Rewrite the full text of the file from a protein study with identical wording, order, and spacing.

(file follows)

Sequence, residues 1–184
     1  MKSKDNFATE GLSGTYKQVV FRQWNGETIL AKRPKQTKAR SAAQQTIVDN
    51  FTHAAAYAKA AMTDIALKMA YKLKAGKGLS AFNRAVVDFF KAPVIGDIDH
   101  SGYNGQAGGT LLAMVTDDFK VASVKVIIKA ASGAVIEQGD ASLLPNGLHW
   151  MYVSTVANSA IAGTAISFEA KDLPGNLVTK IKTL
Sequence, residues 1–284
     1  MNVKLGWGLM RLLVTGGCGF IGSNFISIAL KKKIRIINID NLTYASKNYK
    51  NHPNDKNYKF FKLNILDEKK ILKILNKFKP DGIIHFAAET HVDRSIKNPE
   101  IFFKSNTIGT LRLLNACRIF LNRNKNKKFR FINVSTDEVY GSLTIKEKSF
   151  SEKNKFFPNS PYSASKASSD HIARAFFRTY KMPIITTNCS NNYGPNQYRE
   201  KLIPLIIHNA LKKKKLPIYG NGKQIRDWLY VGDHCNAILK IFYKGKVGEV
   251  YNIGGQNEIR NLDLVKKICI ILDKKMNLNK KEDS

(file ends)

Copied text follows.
Sequence, residues 1–184
     1  MKSKDNFATE GLSGTYKQVV FRQWNGETIL AKRPKQTKAR SAAQQTIVDN
    51  FTHAAAYAKA AMTDIALKMA YKLKAGKGLS AFNRAVVDFF KAPVIGDIDH
   101  SGYNGQAGGT LLAMVTDDFK VASVKVIIKA ASGAVIEQGD ASLLPNGLHW
   151  MYVSTVANSA IAGTAISFEA KDLPGNLVTK IKTL
Sequence, residues 1–284
     1  MNVKLGWGLM RLLVTGGCGF IGSNFISIAL KKKIRIINID NLTYASKNYK
    51  NHPNDKNYKF FKLNILDEKK ILKILNKFKP DGIIHFAAET HVDRSIKNPE
   101  IFFKSNTIGT LRLLNACRIF LNRNKNKKFR FINVSTDEVY GSLTIKEKSF
   151  SEKNKFFPNS PYSASKASSD HIARAFFRTY KMPIITTNCS NNYGPNQYRE
   201  KLIPLIIHNA LKKKKLPIYG NGKQIRDWLY VGDHCNAILK IFYKGKVGEV
   251  YNIGGQNEIR NLDLVKKICI ILDKKMNLNK KEDS